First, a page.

7 strategies to reduce readmissions among minorities
Amid growing concerns about racial and ethnic disparities in healthcare outcomes, as well as frustration over the fact that federal penalties unfairly punish providers in high-risk communities, Medicare has released a guide to help hospitals improve communication and care of minority and socioeconomically disadvantaged patients and reduce readmission rates.
Racial and ethnic minority populations are more likely than their white counterparts to be readmitted within 30 days of discharge for certain chronic conditions, such as heart failure, heart attack, and pneumonia, according to the Centers for Medicare & Medicaid Services' announcement. The agency worked with the Disparities Solutions Center at Massachusetts General Hospital and the National Opinion Research Center at the University of Chicago to help hospitals identify root causes and solutions to prevent avoidable readmissions among these populations.
The guidance includes an overview of the healthcare issues common among ethnically and racially diverse patient populations, including their increased risk of discharge without primary care follow-up; language barriers and interpreter service; lack of health literacy; and lack of community resources.
In addition to case studies that provide examples of successful interventions, the guide also includes seven strategies that hospitals can incorporate to improve readmission rates among diverse populations:
Create a robust "radar" for the most at-risk beneficiaries: Medicare advises providers to collect data on factors within the community such as race, ethnicity, language, disability and social determinants to develop a better sense of the patient population most likely to face readmission.
Identify the target: Once organizations determine the characteristics linked with readmission risk, they can implement a strategy that addresses barriers, such as health literacy, cultural obstacles or mistrust of those outside their communities. Clearly identifying and targeting such obstacles naturally leads to improvements and innovations, Medicare notes.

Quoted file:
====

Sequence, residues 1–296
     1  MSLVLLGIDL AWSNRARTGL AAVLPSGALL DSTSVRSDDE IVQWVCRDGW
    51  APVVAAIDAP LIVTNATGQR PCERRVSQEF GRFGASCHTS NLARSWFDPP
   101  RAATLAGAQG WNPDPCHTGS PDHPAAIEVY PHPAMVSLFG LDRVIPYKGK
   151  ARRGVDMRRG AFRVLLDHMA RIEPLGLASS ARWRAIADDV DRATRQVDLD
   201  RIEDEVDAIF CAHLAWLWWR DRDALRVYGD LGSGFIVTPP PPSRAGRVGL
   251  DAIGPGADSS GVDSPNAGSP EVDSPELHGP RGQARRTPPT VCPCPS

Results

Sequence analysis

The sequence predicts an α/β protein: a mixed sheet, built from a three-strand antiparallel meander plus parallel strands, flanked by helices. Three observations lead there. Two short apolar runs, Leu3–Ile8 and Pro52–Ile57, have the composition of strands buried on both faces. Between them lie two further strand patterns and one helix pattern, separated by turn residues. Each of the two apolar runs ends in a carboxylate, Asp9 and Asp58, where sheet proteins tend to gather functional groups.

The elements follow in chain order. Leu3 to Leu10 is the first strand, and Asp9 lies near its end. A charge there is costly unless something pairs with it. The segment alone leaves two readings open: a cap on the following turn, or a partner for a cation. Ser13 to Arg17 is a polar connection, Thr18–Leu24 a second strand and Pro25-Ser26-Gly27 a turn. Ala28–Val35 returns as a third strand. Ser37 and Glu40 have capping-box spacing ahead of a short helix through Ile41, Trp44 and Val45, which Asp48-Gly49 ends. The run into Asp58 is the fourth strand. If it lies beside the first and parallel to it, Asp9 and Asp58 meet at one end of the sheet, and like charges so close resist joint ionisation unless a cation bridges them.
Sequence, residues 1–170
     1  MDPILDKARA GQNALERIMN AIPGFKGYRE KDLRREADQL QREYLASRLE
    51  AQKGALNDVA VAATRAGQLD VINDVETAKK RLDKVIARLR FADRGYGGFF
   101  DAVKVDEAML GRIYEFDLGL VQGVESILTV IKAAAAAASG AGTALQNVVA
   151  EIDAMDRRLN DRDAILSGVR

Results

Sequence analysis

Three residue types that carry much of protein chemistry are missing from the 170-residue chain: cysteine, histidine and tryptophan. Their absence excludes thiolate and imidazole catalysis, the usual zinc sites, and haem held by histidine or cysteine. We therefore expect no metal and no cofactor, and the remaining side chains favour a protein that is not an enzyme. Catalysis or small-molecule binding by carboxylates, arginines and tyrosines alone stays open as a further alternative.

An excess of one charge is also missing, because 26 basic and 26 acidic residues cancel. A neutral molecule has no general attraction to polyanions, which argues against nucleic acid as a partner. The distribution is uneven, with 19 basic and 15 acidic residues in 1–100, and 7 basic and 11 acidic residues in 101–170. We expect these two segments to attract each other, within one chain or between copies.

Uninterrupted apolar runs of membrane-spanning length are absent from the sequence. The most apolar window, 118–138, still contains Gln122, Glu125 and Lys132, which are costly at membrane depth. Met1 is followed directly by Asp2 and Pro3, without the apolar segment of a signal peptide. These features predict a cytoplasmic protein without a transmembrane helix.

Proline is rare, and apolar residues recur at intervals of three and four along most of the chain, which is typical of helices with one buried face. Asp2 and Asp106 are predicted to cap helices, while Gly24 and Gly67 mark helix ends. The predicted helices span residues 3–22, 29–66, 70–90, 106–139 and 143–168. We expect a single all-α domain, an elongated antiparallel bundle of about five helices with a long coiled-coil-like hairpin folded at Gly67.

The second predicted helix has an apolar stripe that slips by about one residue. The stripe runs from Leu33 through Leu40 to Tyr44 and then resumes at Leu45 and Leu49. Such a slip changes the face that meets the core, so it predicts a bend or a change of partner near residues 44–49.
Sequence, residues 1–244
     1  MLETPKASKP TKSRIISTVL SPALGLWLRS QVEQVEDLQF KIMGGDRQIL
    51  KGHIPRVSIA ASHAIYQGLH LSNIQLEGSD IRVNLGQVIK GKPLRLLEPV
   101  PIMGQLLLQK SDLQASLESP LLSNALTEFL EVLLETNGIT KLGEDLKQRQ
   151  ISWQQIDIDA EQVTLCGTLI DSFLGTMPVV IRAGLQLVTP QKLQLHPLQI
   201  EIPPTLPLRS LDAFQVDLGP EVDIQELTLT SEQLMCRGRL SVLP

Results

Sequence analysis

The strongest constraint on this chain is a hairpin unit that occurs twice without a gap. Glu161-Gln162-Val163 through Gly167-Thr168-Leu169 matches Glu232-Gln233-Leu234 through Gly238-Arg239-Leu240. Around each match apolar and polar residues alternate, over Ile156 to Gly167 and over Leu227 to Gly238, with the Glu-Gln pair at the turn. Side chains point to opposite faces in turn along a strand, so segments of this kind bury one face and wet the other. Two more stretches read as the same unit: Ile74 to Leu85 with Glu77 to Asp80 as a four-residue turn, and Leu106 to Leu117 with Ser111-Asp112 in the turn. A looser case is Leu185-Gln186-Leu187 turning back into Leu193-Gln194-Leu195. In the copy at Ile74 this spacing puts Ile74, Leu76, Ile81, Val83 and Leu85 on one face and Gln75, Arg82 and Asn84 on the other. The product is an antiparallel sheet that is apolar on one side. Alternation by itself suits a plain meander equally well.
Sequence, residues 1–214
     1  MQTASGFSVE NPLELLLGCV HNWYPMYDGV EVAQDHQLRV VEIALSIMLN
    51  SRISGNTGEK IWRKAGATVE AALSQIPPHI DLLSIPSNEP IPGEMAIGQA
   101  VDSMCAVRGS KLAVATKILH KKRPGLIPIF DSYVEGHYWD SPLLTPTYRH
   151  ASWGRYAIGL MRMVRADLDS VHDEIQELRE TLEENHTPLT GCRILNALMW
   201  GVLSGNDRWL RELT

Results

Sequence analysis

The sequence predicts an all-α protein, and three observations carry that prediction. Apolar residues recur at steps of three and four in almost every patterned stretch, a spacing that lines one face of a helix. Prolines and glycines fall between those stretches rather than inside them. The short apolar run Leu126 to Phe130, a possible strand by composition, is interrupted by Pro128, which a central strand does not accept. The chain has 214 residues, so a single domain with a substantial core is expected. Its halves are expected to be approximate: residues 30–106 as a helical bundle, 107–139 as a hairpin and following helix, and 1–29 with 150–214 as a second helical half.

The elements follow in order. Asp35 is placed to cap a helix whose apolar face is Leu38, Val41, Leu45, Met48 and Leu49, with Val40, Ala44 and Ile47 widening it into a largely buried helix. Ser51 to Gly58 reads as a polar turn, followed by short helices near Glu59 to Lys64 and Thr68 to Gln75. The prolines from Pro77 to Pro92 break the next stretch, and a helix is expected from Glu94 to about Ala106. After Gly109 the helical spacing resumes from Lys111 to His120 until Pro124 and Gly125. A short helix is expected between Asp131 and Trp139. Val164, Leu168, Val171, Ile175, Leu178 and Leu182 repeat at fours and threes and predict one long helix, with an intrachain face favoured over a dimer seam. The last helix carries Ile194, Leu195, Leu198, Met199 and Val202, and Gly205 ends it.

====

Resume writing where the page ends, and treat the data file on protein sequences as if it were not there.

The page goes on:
Assemble and deploy a multidisciplinary team: In order to address thee disparities, hospitals need to establish a care team that includes doctors, nurses, social workers and professionals farther outside the healthcare sphere such as health navigators and community health workers. The team must include members who are culturally competent, multilingual and well-acquainted with the community and patient population.
Deploy interventions that account for a community's needs and challenges: To successfully prevent readmissions, the guidance states, providers must create systems that respond to community needs, ensure patients have the social support they need and factor in the social determinants of health within the community.
Focus on systems and social determinants that put these patient populations at risk for readmissions: Hospitals need to create systems that provide patients with information that is easy to understand and culturally and linguistically appropriate. The guide encourages hospitals to use navigators and community resources to overcomes social determinants.
Make sure patients understand their diagnosis, care plans and discharge instructions: Effective communication is critical to prevent readmissions, the guide states, and providers must explain warning signs and when patients need to return for follow-up care
Develop community partnerships: Organizations must partner with the community to ensure patients continue to receive care after discharge. These partners can help address non-medical reasons for readmissions, such as behavioral and cultural barriers. "Coordinating all these efforts will separate success from failure," the report said.
Although implementing these strategies aren't easy, Leah Binder, CEO of the Leapfrog Group, told USA Today that it can be done. "Caring for patients...means knowing and understanding patients and communities with must greater depth and sensitivity than is traditional today," she said.
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